Pennsylvania Service Animals and Emotional Support Animals

Know Your Rights: FAQs About Emotional
Support Animals and Service Animals

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Owning a pet brings companionship, comfort, and anxiety relief for dedicated pet owners. For some, these animals go beyond the typical definition of a companion, bringing their owners emotional support and essential services when dealing with different disabilities. Although legally allowed to accompany their owners into any establishment or home, service animal owners still face discrimination for needing these companions. Fortunately, The Animal Law Firm can help the people of Pennsylvania effectively address any discrimination they face for owning or bringing their support animals to different establishments.

What Is a Service Animal?

A service animal is typically a dog that has received particular training to carry out a task that a person with a handicap would be unable to do on their own, per the Americans with Disabilities Act (ADA). For instance, service dogs can help the visually impaired find their way, spot seizure activity, or get emergency access to life-saving medication. A service dog’s role goes beyond that of a pet or therapy dog. Some of the most common kinds of service dogs include:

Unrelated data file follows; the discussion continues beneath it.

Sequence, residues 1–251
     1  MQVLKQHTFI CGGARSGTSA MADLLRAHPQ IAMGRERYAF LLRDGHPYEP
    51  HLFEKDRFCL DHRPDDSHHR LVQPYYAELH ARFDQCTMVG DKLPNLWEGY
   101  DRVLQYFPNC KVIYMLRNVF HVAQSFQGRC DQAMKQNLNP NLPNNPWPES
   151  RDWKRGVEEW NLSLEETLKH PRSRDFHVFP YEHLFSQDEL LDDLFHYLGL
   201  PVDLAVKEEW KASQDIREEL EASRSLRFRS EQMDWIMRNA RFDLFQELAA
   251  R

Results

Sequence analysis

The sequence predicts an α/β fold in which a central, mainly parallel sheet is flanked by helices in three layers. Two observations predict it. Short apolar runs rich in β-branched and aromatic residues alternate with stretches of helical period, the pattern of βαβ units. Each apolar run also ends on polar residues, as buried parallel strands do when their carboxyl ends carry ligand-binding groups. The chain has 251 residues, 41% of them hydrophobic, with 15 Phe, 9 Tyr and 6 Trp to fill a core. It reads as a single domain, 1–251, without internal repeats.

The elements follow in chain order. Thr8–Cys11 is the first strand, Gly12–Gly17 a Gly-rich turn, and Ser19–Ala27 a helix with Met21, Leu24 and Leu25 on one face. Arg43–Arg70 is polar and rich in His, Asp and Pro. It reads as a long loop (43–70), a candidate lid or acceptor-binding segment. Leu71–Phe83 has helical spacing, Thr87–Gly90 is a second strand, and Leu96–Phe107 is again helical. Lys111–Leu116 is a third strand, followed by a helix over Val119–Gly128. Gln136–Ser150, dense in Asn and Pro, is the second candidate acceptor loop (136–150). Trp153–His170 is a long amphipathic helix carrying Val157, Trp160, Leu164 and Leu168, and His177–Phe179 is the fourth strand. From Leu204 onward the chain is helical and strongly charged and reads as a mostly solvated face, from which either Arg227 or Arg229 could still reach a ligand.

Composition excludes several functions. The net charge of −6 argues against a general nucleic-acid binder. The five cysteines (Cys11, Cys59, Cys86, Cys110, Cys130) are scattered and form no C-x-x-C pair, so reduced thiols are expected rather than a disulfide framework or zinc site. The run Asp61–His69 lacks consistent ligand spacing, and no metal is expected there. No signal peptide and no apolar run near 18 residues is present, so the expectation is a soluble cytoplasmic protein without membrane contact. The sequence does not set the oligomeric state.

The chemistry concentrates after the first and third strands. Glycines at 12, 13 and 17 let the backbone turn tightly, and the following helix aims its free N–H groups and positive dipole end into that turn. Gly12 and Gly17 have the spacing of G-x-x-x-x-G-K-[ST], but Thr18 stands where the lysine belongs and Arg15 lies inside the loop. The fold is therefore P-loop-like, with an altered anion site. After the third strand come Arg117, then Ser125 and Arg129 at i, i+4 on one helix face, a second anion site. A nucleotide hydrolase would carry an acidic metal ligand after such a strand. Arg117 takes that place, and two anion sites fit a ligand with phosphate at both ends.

• Cardiac Service Dogs: Trained cardiac service dogs can detect harmful variations in a person’s blood pressure or heart rate through their sense of smell. Much more quickly than people can see the changes themselves, they warn people with cardiac problems to take emergency measures to prevent any harmful reactions or events from happening. Cardiopulmonary resuscitation (CPR) cannot be performed by cardiac service dogs, but they can be trained to alert emergency responders to assist their handlers. If their owner loses consciousness or becomes disoriented, they can also get access to life-saving medical attention or medication.